Dissertation/Thesis Abstract

Enabling open domain interactive storytelling using a data-driven case-based approach
by Swanson, Reid, Ph.D., University of Southern California, 2010, 228; 3418269
Abstract (Summary)

Digital interactive storytelling (DIS) is a compelling new medium for expressing and communicating ideas that tries to transform a normally passive experience into an active engagement in the creative process. Despite the enormous potential this medium beholds, the cost and complexity of authoring compelling stories primarily driven by user actions is prohibitively expensive in many DIS systems. While the graphical capabilities and physical interaction with these systems have advanced at a lightening pace, the ability for open interaction in complex domains remains extremely constrained.

This thesis advances textual-based DIS by introducing a new architecture that allows a seemingly infinite number of complex and branching storylines to be pursued by the user in any domain they choose. The approach uses case-based reasoning methods that leverages stories describing real world events and activities that ordinary people publish to their weblogs every day. The base generation algorithm uses information retrieval techniques to find similar sentences in a corpus of over 1.5 million stories. The weblog stories containing these sentences are used as a proxy for the user’s unfolding composition and the next sentence from the identified weblog story is used as the system’s contribution. To further improve the quality of computer responses, the candidates are reranked using a richer set of linguistic features and finally, portions of the text are adapted to better conform to the discourse of the user’s story. Each of these components is evaluated by crowd-sourcing hundreds of users, thousands of generated stories and tens of thousands of user ratings.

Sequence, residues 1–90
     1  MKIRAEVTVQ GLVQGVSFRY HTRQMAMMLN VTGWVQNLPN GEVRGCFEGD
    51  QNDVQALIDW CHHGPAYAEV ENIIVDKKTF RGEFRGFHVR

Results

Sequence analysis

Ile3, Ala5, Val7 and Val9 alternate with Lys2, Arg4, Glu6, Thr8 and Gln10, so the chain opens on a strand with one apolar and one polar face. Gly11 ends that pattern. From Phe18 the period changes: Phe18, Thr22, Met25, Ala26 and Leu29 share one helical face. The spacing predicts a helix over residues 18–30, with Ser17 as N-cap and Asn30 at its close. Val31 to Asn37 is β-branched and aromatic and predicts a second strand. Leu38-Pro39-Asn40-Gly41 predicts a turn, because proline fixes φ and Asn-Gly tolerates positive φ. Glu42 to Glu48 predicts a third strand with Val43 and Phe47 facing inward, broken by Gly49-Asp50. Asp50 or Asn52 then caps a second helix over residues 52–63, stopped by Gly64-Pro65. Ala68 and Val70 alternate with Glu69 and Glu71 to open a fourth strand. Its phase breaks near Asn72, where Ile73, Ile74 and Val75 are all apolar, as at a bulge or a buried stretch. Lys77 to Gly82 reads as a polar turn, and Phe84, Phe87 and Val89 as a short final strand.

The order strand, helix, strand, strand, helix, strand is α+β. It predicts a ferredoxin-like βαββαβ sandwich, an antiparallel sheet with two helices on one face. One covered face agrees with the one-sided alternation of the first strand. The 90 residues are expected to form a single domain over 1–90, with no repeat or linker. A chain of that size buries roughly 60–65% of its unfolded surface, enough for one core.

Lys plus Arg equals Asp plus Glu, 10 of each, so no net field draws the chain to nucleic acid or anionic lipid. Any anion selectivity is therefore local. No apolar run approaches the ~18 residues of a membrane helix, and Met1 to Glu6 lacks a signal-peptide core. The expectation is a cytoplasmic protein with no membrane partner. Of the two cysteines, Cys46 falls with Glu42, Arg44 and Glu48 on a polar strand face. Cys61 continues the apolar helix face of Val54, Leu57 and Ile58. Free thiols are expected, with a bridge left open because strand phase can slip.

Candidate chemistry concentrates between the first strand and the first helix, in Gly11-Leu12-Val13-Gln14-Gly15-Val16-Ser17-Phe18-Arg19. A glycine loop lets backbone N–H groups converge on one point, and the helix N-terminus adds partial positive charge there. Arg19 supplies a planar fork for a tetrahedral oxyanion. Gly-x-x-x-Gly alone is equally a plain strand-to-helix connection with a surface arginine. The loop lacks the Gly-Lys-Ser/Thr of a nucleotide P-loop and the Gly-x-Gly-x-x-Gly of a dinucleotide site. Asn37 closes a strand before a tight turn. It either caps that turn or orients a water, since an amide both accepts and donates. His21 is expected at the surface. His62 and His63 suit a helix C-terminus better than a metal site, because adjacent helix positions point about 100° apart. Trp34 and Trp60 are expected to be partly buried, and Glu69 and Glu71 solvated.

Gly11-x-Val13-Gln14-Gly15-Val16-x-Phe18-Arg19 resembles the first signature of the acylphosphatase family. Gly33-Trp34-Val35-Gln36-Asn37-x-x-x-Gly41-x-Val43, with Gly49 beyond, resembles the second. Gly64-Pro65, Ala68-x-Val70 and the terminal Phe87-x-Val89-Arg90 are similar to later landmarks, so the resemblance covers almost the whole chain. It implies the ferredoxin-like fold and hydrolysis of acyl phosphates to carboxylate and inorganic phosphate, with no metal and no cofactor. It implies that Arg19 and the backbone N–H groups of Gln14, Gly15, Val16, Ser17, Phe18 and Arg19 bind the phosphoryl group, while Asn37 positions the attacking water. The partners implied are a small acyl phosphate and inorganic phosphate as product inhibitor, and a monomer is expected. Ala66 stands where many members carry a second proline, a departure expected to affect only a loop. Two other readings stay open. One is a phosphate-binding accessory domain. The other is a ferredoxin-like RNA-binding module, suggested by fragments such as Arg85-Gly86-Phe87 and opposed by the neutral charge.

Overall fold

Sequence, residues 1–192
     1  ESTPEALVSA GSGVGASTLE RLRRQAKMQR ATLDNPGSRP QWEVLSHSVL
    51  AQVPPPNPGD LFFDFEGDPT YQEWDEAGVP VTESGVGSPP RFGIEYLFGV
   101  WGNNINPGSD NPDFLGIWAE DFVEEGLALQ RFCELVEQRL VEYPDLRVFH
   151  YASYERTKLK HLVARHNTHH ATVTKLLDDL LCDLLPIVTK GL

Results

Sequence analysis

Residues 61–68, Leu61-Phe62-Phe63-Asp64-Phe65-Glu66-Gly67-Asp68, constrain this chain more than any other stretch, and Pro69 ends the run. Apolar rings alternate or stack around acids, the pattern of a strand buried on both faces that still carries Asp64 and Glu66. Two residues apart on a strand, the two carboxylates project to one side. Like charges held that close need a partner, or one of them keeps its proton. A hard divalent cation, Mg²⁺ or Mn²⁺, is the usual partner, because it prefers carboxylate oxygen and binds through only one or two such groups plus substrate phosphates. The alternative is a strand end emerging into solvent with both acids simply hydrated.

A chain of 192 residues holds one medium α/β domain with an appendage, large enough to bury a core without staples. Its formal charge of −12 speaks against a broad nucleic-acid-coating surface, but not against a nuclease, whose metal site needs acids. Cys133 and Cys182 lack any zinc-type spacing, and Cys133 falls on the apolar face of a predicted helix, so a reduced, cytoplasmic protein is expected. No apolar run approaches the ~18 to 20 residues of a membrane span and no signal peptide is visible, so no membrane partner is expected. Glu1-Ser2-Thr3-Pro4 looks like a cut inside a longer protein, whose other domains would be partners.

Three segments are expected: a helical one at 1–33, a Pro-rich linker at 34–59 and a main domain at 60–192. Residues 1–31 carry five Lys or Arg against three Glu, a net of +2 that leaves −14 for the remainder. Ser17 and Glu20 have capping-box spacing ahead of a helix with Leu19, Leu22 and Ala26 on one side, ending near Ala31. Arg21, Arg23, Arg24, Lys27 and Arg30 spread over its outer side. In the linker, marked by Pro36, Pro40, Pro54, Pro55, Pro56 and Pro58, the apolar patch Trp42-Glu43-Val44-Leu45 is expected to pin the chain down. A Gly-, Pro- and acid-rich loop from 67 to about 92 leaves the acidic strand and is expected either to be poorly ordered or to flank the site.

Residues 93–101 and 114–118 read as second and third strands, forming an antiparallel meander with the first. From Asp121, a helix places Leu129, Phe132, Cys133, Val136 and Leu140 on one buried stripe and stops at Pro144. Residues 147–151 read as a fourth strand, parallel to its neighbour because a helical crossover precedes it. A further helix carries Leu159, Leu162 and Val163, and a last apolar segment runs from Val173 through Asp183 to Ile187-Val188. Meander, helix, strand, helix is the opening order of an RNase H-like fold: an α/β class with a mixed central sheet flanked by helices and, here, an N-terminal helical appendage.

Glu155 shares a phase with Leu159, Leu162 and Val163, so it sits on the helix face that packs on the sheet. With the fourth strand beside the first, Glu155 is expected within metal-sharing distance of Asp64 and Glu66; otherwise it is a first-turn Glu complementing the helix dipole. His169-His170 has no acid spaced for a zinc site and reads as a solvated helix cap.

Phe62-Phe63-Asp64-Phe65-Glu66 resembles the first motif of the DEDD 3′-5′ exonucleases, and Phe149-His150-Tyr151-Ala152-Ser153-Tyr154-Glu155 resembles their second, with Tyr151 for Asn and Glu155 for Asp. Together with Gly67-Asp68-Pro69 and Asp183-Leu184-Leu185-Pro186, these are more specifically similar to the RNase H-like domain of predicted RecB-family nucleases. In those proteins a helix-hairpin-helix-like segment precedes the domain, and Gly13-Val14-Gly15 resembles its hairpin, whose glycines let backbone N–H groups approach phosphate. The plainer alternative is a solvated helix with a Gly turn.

Moving to this type of data-driven, case-based architecture allows the narrative variation in DIS to scale massively, only limited by the number of stories that can be collected from the Web. The breadth and depth of human experiences captured by this approach pushes us closer to free narrative interaction in the full breadth of complex social domains.

Indexing (document details)
Advisor: Gordon, Andrew S.
Commitee: Dane, Joseph A., Teng, Shang-Hua
School: University of Southern California
Department: Computer Science
School Location: United States -- California
Source: DAI-B 71/09, Dissertation Abstracts International
Subjects: Artificial intelligence, Computer science
Keywords: Artificial intelligence, Case-based reasoning, Interactive entertainment, Natural language processing, Storytelling
Publication Number: 3418269
ISBN: 978-1-124-16417-5
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